Frank Cornelissen MunJebel Rosso MC 2019
“The 2019 Munjebel Rosso MC (Monte Colla) is deep and inward in character, but also remarkably pretty. This dark beauty wafts up with dried cherries and crushed rocks complemented by nuances of rosemary and balsam. It greets the palate with the silkiest of textures and ripe wild berry fruits, yet with a core of nervous acidity that builds an energetic tension. This is like the proverbial iron fist in the velvet glove, tapering off long with talcum-like tannins, as sweet tobacco and lavender tones fade over a contrasting savory bitter twang of balsamic spice. It’s an utter beauty, and it’s already showing so well. The Rosso MC is from the steeply-terraced Monte Colla vineyard, with its seventy-five-year-old Nerello Mascalese vines planted in sandy clay soils. Drinking window: 2023-2028. 94 points
What can I say; Frank Cornelissen is at the top of his game. I think back over the last fifteen years that I’ve been tasting these wines, and I can honestly say that I have never seen such precision, purity and consistency as I’ve seen tasting the last few vintages. It all seems to have come to an apex with the 2019 crus. The best part is that 2020 is expected to be an even better vintage, and the Munjebel Rosso tasted in this report has heightened my anticipation.
What has Cornelissen changed? Actually quite a bit. In my interview with him, he plainly stated, “My wines used to be anti-wines.” He came to Etna in the early 2000s with the idea that this was one of the few locations on earth where wine could be made without any manipulation. Mistakes were made as he learned along the way, but with time, the style of Frank Cornelissen became renowned. Unfortunately, they also became renowned for being undependable. I remember a time when I would tell people that finding a perfect bottle is very difficult; but when you do, it’s pure magic. It was because of this that many collectors became turned off to the brand, especially when you consider the price tag attached to the single-vineyard wines. Today, Cornelissen admits that his first ten years were very experimental and that he took things too close to the edge. This is still a winery that practices extreme biodynamic principles across their twenty-four hectares and eschews overhandling of the wines in the winery and cellar. However, there have been a number of changes to the process. For one thing, their team has grown, which allows for better precision pick dates and sorting. Aging and refinement is now completed in epoxy-lined fiberglass tanks, while the subterranean terracotta is reserved for small-batch projects. The wines are bottled sooner, but held longer prior to release in an attempt to capture more purity of fruit and “crunch”. Sulfur is now used, but only as necessary, and in very low doses. And then there are the stems, as since 2018 (a very difficult vintage that required drastic experimentation), Cornelissen has started using 10-15% of the stems in the fermentations. Taking all of this into consideration, one might expect the wines to have changed quite a bit, yet I still find Frank Cornelissen magic, just without the fear and guesswork of what to expect from bottle to bottle. They are ripe, sapid, full of life, with balanced structures and transparent to terroir. What’s more, they only get better the longer they are open in the bottle.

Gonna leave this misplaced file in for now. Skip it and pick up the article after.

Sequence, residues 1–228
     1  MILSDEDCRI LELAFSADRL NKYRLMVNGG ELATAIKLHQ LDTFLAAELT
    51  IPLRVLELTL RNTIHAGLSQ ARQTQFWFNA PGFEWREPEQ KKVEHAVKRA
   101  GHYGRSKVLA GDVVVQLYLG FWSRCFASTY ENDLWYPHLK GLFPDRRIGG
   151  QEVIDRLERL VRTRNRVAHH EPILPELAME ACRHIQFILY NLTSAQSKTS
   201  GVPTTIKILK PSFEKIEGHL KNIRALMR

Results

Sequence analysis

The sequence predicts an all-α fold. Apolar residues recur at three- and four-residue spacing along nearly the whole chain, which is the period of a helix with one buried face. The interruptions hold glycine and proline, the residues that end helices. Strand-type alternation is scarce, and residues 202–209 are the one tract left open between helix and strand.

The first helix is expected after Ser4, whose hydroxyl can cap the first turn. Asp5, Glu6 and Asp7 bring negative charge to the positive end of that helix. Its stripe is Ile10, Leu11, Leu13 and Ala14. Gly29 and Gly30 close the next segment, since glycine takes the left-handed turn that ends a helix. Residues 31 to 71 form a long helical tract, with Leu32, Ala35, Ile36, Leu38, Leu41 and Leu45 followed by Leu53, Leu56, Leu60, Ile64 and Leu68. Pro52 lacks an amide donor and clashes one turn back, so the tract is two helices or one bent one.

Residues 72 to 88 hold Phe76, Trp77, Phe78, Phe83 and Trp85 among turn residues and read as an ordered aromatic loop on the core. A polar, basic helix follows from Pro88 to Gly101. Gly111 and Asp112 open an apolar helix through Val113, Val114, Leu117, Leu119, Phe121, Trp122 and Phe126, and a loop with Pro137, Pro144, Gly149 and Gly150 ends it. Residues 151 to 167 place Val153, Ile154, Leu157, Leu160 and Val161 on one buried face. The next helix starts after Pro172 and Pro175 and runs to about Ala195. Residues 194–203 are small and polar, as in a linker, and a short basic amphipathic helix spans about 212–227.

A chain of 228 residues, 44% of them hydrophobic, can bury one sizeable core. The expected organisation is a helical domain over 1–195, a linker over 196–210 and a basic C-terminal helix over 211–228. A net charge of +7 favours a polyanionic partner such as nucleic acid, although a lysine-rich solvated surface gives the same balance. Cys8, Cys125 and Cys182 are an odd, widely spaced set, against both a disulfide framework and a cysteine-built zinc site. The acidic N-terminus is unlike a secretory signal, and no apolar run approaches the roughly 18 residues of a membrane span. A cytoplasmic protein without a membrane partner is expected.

As for the 2019 vintage in front of us, while many producers will talk about how happy they were with the year, Cornelissen will explain that the excellent result was one of selection, not nature. The winery dropped around 20% of their normal single-vineyard production in the sorting room to weed out the faulty berries within each bunch. In my opinion, the result is a selection of wines that readers will not want to miss.”
Eric Guido, Vinous (06/22)